There are just some beaches that deserve to be seen and not every beach is a Caribbean paradise. Sometimes, the perfect beach isn't a sparkling, white sand beach at all but rather, a gothic-style, striking contrast to what many think of in their heads as the perfect vacation.

Iceland is home to many stunning beaches but Reynisfjara is by far one of the most visually captivating, with shores lined with black sand and a moody ocean spray that comes up from the ocean at its coastline. Surrounded by cliffs that appear to have been carved out by an artist and geological features that echo the beach's natural erosion and creation, it's truly a sight to behold. While many know of the black sand beaches in this gorgeous country, not many know why Reynisfjara looks the way it does or how it came to be that way.

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Why Is The Sand Black?

While a beach with black sand sounds dramatic and moody compared to most, Reynisfjara is actually quite beautiful. The sand was actually formed from lava as it erupted from the nearby volcano and as the lava cooled and met the Atlantic ocean, it hardened and got its finer texture the way that sand normally does - from the ocean's constant motion. It's thanks to this that the beach glimmers when the light is just right, especially at sunset. The larger, more coarse pieces of sand shimmer in daylight and reflect light back, making for a gorgeous display if visitors can time their visit just right.

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It's Not The Only One Of Its Kind

Iceland is actually known for many black sand beaches, not just Reynisfjara. Thanks to its volcanic history, these can be seen throughout various parts of the island, with rocks decorating the shorelines as larger pieces of cooled lava broke off and got left behind. Those visiting these beaches will find that these cooled pieces of lava rocks have holes throughout them which is due to the process of cooling, making for interesting shapes. These also give the beach an overall unique appearance and one that's unlike any other in the world.

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Basalt Walls That Are Like Something Out Of A Fairy Tale World

These unbelievable features are like no other in the world and are created thanks to basalt. The enormous basalt walls that line the cliffs of Reynisfjara tower over its visitors, with various blocks that seem to fit together seamlessly. It's incredible to know that these have all been made by Mother Nature without any human interference, and are just one unique feature of this beach. In stark contrast to the black sand, these walls are a tan shade, making for a bold contrast that reflects like back at both sunrise and sunset. The blocks themselves are large enough for a person to sit on (just be wary of wildlife) and the only other location on earth that they're seen is in Ireland on the Giant's Causeway.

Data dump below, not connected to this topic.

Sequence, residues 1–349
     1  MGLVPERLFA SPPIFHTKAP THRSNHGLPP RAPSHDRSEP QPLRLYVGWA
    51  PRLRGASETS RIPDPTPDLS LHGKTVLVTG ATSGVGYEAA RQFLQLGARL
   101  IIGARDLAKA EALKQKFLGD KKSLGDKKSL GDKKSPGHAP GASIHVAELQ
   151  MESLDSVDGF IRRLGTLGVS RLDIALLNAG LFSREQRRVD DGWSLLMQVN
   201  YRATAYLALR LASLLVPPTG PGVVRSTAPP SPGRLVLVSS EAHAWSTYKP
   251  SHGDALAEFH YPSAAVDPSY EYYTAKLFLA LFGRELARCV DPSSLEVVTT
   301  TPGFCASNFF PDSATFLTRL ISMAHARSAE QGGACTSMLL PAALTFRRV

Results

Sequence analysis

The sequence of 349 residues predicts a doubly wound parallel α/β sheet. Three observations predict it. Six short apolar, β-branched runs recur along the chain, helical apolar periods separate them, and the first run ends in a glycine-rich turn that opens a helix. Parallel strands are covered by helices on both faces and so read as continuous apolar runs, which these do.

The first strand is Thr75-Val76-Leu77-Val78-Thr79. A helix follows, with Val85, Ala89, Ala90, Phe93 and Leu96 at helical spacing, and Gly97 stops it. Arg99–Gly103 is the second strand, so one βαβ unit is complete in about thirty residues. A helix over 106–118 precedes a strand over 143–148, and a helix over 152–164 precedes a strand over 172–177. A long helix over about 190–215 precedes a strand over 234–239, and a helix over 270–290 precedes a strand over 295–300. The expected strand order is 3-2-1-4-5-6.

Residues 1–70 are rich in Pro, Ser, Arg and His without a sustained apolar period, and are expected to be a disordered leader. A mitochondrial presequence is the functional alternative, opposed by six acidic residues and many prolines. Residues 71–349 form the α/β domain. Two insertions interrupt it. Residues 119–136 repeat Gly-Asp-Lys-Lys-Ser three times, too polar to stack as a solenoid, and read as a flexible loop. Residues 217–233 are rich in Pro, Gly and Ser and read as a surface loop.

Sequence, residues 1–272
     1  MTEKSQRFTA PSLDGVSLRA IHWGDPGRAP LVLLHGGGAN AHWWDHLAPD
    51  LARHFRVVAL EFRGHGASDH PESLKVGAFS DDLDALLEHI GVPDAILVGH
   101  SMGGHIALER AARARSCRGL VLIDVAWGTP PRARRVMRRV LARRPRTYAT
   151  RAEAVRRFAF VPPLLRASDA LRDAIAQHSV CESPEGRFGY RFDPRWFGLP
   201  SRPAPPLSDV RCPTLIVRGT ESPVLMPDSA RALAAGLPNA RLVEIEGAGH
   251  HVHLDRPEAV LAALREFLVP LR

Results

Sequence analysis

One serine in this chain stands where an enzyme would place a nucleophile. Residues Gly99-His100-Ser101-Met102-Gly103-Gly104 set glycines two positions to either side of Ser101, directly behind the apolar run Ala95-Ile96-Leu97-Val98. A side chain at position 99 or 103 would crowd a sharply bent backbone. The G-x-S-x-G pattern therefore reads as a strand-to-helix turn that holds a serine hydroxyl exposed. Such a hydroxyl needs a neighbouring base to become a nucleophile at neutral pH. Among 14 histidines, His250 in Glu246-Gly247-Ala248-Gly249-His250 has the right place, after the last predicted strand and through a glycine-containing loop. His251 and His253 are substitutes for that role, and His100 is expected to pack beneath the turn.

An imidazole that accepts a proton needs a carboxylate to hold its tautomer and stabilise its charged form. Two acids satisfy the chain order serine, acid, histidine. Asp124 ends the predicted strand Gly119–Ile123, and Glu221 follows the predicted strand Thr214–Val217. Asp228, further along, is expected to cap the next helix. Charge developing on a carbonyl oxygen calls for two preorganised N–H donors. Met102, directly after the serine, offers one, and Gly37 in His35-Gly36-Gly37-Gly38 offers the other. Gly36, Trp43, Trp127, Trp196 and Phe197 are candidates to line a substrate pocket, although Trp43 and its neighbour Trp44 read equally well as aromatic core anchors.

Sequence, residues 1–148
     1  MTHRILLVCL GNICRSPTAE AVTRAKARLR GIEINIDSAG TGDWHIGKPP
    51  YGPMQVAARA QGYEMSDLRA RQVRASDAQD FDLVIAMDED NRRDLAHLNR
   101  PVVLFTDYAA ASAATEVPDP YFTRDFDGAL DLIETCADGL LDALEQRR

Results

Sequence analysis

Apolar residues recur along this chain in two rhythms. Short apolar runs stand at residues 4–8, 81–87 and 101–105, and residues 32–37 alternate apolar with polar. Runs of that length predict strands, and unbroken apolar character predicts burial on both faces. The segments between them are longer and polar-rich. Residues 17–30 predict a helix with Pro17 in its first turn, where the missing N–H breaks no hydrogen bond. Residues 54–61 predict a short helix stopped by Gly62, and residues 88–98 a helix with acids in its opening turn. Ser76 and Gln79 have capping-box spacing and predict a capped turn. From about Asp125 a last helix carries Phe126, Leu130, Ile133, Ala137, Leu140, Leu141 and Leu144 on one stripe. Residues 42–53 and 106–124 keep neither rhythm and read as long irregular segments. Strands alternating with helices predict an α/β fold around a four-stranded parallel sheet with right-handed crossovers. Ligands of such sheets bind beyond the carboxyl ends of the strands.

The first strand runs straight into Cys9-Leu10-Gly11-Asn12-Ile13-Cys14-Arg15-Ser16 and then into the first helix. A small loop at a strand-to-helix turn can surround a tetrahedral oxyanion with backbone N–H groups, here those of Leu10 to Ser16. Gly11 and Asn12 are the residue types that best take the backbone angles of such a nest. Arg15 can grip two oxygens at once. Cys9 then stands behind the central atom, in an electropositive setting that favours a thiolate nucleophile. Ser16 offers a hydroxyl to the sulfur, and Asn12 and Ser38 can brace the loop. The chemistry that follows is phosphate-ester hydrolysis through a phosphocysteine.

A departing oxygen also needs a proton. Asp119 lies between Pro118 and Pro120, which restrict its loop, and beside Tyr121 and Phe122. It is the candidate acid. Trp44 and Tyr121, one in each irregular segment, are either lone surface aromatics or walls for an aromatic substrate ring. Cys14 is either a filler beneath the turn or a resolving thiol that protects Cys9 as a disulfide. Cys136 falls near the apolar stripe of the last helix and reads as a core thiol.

Folklore And Fame

The basalt walls go by the name of Reynisdrangar and while they are beautiful to look at, they also have a unique story to accompany their presence on the beach. As with many natural formations in Iceland, those that can't be explained through a scientific history can certainly be explained through legend. The basalt wall, in particular, follows a story of giant trolls that once dwelled on the beach. The story goes that these enormously large trolls were making an attempt to pull ships just as large onto the beach, however, they got started a little bit too late. As they set out to pull the ships in, the sun slowly rose and as it did, the trolls were instantly turned into stone - hence the basalt wall. A secondary troll legend about the wall tells of a man whose wife was actually kidnapped by two of those same trolls. The man followed the trolls down the beach and froze them in punishment for what they did and so that they would never again kidnap anyone else - thus they became part of the massive wall.

As far as film sightings go, many might even recognize this beautiful landmark from HBO's Game of Thrones. They were used during the 'North of the Wall' scenes and make for a pretty spectacular and striking backdrop. While they have been seen both in legend and on the big screen, they do serve a purpose in Iceland's natural ecosystem. Native Icelandic birds, puffins, use them to build homes (which is why visitors should be careful where they step), and can also be home to guillemots and fulmars.

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